The Eight Books of Thucydides' History, translated by R. Crawley.
Third Year of the War—Investment of Plataea—Naval Victories of Phormio—Thracian Irruption into Macedonia under Sitalces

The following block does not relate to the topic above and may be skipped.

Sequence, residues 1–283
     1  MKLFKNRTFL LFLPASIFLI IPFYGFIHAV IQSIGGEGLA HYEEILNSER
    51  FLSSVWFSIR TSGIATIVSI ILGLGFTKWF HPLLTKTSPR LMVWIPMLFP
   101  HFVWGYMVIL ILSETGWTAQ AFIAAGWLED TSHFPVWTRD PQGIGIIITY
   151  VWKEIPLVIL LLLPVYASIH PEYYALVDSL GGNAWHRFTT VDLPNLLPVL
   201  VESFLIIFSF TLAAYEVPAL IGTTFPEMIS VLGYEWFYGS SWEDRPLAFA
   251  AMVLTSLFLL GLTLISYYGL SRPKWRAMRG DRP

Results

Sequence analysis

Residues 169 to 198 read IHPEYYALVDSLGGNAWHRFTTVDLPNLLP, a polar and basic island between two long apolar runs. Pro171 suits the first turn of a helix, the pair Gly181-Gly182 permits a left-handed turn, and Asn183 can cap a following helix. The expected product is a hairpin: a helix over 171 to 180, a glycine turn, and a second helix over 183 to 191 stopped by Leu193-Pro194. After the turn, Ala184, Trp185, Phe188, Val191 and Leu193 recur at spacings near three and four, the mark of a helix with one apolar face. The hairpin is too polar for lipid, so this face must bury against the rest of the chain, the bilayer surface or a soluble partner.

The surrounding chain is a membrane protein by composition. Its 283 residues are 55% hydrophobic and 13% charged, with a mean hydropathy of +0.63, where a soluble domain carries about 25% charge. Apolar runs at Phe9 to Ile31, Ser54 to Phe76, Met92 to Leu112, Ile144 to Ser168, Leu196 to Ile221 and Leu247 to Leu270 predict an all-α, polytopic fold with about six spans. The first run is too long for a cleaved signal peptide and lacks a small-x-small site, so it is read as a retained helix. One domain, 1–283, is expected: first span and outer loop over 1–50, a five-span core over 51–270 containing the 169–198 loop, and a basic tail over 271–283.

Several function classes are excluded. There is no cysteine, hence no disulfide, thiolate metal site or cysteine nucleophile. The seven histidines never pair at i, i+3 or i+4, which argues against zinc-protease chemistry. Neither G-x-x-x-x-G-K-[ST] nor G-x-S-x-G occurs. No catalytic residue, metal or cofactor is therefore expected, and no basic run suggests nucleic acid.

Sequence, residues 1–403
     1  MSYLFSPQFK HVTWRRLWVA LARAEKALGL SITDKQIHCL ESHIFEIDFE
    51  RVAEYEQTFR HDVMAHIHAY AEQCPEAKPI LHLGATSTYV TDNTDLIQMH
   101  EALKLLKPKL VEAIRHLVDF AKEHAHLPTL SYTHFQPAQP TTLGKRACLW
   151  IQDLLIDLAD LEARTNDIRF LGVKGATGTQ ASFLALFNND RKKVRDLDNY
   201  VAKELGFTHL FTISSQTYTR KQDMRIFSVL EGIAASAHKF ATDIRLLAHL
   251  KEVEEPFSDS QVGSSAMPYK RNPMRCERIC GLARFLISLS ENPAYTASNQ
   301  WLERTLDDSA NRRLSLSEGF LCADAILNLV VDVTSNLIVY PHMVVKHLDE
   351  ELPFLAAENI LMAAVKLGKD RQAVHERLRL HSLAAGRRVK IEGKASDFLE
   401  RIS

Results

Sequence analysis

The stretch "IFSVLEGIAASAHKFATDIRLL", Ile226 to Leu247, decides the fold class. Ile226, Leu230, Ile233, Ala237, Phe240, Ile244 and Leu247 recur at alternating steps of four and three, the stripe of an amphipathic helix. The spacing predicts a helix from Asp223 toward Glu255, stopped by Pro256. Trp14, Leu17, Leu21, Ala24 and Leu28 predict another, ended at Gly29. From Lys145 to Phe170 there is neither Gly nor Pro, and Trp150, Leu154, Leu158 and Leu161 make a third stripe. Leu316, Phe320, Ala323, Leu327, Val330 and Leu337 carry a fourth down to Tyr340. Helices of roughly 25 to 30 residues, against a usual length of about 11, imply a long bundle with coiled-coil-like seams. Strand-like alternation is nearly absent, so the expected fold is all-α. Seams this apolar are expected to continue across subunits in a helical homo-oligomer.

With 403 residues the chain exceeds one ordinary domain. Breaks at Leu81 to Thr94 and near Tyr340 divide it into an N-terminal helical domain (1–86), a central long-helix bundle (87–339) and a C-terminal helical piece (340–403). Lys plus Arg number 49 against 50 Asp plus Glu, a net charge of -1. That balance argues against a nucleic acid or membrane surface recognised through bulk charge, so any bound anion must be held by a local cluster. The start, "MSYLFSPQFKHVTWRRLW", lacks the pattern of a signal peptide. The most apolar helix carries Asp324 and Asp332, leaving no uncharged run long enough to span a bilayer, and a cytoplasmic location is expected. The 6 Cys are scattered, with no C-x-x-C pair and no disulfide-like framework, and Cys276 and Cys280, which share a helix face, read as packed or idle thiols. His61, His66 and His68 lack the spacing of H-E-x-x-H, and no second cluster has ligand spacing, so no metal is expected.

The next summer the Peloponnesians and their allies, instead of invading Attica, marched against Plataea, under the command of Archidamus, son of Zeuxidamus, king of the Lacedaemonians. He had encamped his army and was about to lay waste the country, when the Plataeans hastened to send envoys to him, and spoke as follows: "Archidamus and Lacedaemonians, in invading the Plataean territory, you do what is wrong in itself, and worthy neither of yourselves nor of the fathers who begot you. Pausanias, son of Cleombrotus, your countryman, after freeing Hellas from the Medes with the help of those Hellenes who were willing to undertake the risk of the battle fought near our city, offered sacrifice to Zeus the Liberator in the marketplace of Plataea, and calling all the allies together restored to the Plataeans their city and territory, and declared it independent and inviolate against aggression or conquest. Should any such be attempted, the allies present were to help according to their power. Your fathers rewarded us thus for the courage and patriotism that we displayed at that perilous epoch; but you do just the contrary, coming with our bitterest enemies, the Thebans, to enslave us. We appeal, therefore, to the gods to whom the oaths were then made, to the gods of your ancestors, and lastly to those of our country, and call upon you to refrain from violating our territory or transgressing the oaths, and to let us live independent, as Pausanias decreed."
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